/ Jimmy's Corner: Will Iraq go into a civil war?

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Friday, February 24, 2006 

Will Iraq go into a civil war?

Practically speaking Iraq is on a civil war, yet, formally it is not. Thus, the question would be will Iraq go into a formally declared civil war?

In fact I answer this question with another question: if Iraq goes into a civil war, which side America will take? And what will be the role of the US army during such a war?... You got my point? No? Then go ahead and continue reading this...

A civil war in Iraq will put America in hot spot, specially Bush and his administration. So there are two possibilities about how America will act:
Either America will stop this some what civil war early so that it puts itself in no deep shit about which side to take and what to do during a raging war between Sunnis and Shia'as.
Or Bush and his hawks will let it go in order to exploit the chance and find a good reason to send more troops and have more allies in Iraq, then settling the situation down and claiming more time to stay there to keep peace and security.

In fact, the later seems too impossible for me for some reasons. First, when Bush sent America's young men to fight his war in Iraq he said it is a war for democracy, bringing peace and finding weapons of mass destruction (at least that's what he announced). Well, in order to establish democracy you have to create and maintain security. Therefore, the US government cannot just let the war blow and endanger any democracy in the country. If America lets this going-to-be civil war go out of control, worldwide questions about the role of the US existence in Iraq. Moreover, as I said earlier, the Americans will -that way- put themselves in the situation not knowing which side to take and what to do. The US can't support the Sunnis as they are already enemies enough, and they can't support the Shia'as as they need no support, and they won't take the Kurds side as this will mean they just take the spectators' seats, a choice that is unavailable.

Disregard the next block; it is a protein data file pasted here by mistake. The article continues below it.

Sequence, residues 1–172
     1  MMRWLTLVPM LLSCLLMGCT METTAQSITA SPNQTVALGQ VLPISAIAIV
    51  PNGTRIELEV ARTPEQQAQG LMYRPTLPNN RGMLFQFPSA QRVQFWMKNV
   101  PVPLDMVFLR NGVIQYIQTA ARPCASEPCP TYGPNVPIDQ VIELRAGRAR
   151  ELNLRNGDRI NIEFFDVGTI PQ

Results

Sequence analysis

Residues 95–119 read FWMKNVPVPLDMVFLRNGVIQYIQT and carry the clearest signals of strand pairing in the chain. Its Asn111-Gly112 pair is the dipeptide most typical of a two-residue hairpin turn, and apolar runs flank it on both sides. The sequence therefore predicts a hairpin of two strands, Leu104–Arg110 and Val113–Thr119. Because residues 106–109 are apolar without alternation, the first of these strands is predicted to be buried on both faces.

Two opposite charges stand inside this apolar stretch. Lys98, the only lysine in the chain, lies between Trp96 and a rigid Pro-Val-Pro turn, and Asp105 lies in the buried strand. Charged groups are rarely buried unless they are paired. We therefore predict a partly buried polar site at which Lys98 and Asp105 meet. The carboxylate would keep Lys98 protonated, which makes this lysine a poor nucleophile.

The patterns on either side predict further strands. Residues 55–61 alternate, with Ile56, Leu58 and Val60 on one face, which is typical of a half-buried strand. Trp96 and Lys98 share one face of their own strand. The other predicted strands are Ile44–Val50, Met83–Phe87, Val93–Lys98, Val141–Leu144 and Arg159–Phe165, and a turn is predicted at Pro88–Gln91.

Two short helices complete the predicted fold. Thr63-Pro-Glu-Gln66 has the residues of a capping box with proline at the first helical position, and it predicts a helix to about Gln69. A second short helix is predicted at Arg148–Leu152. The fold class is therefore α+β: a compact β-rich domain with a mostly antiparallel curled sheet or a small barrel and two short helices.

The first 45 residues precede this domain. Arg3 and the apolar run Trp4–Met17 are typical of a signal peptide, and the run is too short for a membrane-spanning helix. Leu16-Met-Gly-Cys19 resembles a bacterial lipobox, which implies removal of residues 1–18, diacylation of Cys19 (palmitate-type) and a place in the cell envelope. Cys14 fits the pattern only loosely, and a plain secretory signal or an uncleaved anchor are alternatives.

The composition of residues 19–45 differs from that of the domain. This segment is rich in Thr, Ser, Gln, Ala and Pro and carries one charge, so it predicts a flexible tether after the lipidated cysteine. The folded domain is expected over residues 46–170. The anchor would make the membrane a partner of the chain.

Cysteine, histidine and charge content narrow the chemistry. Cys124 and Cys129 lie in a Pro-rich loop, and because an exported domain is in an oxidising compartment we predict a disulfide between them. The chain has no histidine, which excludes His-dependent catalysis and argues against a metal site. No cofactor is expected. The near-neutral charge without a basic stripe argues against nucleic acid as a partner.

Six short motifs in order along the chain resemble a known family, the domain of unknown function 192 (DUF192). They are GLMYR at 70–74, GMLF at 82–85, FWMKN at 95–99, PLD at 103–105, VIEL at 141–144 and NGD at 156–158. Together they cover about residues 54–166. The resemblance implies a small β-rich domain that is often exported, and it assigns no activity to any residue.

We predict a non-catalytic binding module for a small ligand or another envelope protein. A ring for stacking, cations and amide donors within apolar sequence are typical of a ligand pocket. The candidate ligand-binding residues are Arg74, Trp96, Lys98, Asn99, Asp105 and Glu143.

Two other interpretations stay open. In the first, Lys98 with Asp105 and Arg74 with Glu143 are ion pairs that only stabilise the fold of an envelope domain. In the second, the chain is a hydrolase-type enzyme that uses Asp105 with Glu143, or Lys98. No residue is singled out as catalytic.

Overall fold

My point is simple, if Bush went to Iraq to bring democracy and security and find WMDs, well he found no WMDs and failed to secure Iraq and democracy and left it all in civil war.... This will mean the souls of more than 2000 American young man went in vain just because of the adventures of Mr President of War, and billions of dollars went astray. I don't believe Bush wants to find himself in this situation.

Therefore, considering the world's reaction to a civil war in Iraq (that might one way or another lead to dividing Iraq to different states) and the fury in the Middle East, and considering the reaction of the American people who lost more than 2000 soldier and billions of dollars then leaving Iraq with no objectives accomplished, I say the US administration will not let a civil war go off.

And do not forget that the existence of the US Army in Iraq gives more power to its threats to Iran and Syria, a position that they will lose if they let a civil war go off. Additionally, it would take years to convince the American people to go into another war against Iran or Syria after such failure in Iraq.